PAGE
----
The 2012 Washington State Legislature directed DSHS to create a two-track response system for accepted reports to Child Protective Services, where high risk families receive an investigation (formerly the only response) and low- to moderate-risk families receive Family Assessment Response (FAR). FAR provides a comprehensive assessment of child safety, risk of subsequent child abuse or neglect, and family strengths and needs. The assessment determines the need for services to address child safety and the risk of subsequent maltreatment but does not include a determination as to whether child abuse or neglect occurred. WSIPP was directed to evaluate the effect of FAR on child safety measures, out-of-home placement rates, re-referral rates, and caseload sizes and demographics. In this final report, we evaluate the outcomes directed in the law, comparing outcomes for families who received FAR to those families who were eligible for FAR but who were served in offices where FAR had not yet been implemented. We also estimate the proportion of the caseload assigned to FAR after full implementation and the effect of FAR on receipt of paid in-home services. A preliminary report was published in December 2014.
The 2012 Legislature passed E2SHB 2536 with the intention that “prevention and intervention services delivered to children and juveniles in the areas of mental health, child welfare, and juvenile justice be primarily evidence-based and research-based, and it is anticipated that such services will be provided in a manner that is culturally competent.” The bill directs the Washington State Institute for Public Policy (WSIPP) and the University of Washington Evidence-Based Practice Institute (UW) to publish descriptive definitions and prepare an inventory of evidence-based, research-based, and promising practices and services, and to periodically update the inventory as more practices are identified. This is the seventh update to the September 30, 2012 publication. The accompanying report describes the inventory update process, as well as the ongoing technical assistance process by UW.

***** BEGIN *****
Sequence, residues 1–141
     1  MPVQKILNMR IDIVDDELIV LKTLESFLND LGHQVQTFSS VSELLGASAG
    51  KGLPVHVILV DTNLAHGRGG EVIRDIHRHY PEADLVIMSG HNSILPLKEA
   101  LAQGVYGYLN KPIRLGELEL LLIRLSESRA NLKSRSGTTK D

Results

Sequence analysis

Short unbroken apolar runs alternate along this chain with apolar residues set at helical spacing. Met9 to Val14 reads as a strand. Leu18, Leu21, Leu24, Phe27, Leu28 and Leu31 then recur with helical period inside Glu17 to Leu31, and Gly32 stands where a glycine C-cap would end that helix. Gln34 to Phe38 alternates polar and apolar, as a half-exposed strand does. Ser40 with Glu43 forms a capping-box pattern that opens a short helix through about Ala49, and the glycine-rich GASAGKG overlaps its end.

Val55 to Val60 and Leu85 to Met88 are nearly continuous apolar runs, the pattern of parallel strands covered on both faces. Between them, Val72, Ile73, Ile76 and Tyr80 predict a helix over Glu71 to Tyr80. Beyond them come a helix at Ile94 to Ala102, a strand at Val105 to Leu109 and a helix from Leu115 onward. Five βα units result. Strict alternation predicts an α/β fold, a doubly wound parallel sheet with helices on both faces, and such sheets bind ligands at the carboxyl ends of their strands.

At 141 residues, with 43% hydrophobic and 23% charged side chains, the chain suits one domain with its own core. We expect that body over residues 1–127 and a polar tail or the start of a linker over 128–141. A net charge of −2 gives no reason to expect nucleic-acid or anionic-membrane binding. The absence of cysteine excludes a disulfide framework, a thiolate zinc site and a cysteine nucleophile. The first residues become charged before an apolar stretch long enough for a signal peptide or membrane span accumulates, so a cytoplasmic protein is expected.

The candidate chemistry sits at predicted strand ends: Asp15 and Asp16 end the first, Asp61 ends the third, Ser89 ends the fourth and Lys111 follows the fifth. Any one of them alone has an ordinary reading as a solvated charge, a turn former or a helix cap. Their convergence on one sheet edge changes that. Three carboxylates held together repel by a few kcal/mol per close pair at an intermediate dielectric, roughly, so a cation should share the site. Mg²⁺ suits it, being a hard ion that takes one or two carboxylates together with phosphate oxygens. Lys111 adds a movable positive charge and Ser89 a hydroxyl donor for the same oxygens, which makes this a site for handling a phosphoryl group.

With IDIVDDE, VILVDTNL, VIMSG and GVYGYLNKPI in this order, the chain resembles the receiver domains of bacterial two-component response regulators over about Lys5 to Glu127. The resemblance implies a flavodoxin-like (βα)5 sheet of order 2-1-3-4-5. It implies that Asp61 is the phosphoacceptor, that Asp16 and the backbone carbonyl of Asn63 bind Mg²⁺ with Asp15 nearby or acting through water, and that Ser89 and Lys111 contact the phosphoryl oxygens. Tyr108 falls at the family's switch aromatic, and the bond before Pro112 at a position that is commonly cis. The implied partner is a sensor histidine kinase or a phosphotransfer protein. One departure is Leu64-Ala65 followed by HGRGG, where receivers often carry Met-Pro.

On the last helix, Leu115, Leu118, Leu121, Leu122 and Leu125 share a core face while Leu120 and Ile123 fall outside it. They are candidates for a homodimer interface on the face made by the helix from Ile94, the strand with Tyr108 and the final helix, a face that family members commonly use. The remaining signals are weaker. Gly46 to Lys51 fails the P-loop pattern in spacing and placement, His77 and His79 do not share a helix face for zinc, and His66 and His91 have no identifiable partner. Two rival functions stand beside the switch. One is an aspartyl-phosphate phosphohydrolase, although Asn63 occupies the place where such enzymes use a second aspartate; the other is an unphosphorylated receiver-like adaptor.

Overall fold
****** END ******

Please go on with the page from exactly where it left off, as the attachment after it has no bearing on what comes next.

Initiative 502, passed by Washington voters in November 2012, legalized the limited adult possession and private consumption of cannabis, as well as its licensed production and sale. The initiative directs WSIPP to evaluate the impact of the law in a series of reports between 2015 and 2032.
In this second required report we address preliminary findings from analyses of effects of I-502 on non-monetary outcomes. We used two main analysis strategies. We examined the effect of I-502 enactment on cannabis abuse treatment admissions, comparing Washington to similar non-legalizing states before and after I-502 enactment. We also examined how local differences in the amount of legal cannabis sales affected cannabis abuse treatment admissions, youth and adult substance use, and drug-related criminal convictions.
These analyses represent an intermediate step towards the ultimate benefit-cost evaluation of I-502 that is required by the law.
The Washington State Institute for Public Policy is directed to conduct an evaluation and benefit-cost analysis of the implementation of I-502, which legalizes recreational marijuana use for adults within the state. As a supplemental step, WSIPP's Board of Director's authorized WSIPP to analyze employment and wage data for employees in marijuana businesses. We used data from The Washington State Liquor and Cannabis Board (LCB) combined with Unemployment Insurance (UI) wage data from the Washington State Employment Security Department (ESD) to analyze employment in Washington State businesses that have been issued marijuana licenses.
Eva Westley, Julia Cramer, John Bauer, Stephanie Lee, Michael Hirsch, Mason Burley, Noa Kay - May 2017
WSIPP’s Board of Directors authorized WSIPP to work on a joint project with the MacArthur Foundation and the Pew Charitable Trusts, with additional support from the Robert Wood Johnson Foundation, to extend WSIPP’s benefit-cost analysis to certain health care topics. We present new benefit-cost findings for interventions in four health care areas: 1) interventions to promote healthy pregnancy and birth; 2) therapies to treat opioid use disorder; 3) collaborative primary care; and 4) patient-centered medical homes. These benefit-cost findings build on our meta-analytic results released in December 2016. As part of this work, we conducted a primary analysis of Washington State birth certificate and hospital discharge data to estimate the costs related to key birth indicators. This analysis is a new addition to WSIPP’s benefit-cost model and is discussed comprehensively in the Health Care Technical Appendix.